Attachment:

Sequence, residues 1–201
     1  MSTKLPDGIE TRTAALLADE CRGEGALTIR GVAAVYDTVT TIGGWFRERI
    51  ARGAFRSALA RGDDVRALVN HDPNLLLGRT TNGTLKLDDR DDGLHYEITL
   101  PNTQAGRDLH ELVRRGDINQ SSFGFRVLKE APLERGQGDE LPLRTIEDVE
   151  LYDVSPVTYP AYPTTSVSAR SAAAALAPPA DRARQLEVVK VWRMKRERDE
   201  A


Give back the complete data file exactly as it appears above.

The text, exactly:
Sequence, residues 1–201
     1  MSTKLPDGIE TRTAALLADE CRGEGALTIR GVAAVYDTVT TIGGWFRERI
    51  ARGAFRSALA RGDDVRALVN HDPNLLLGRT TNGTLKLDDR DDGLHYEITL
   101  PNTQAGRDLH ELVRRGDINQ SSFGFRVLKE APLERGQGDE LPLRTIEDVE
   151  LYDVSPVTYP AYPTTSVSAR SAAAALAPPA DRARQLEVVK VWRMKRERDE
   201  A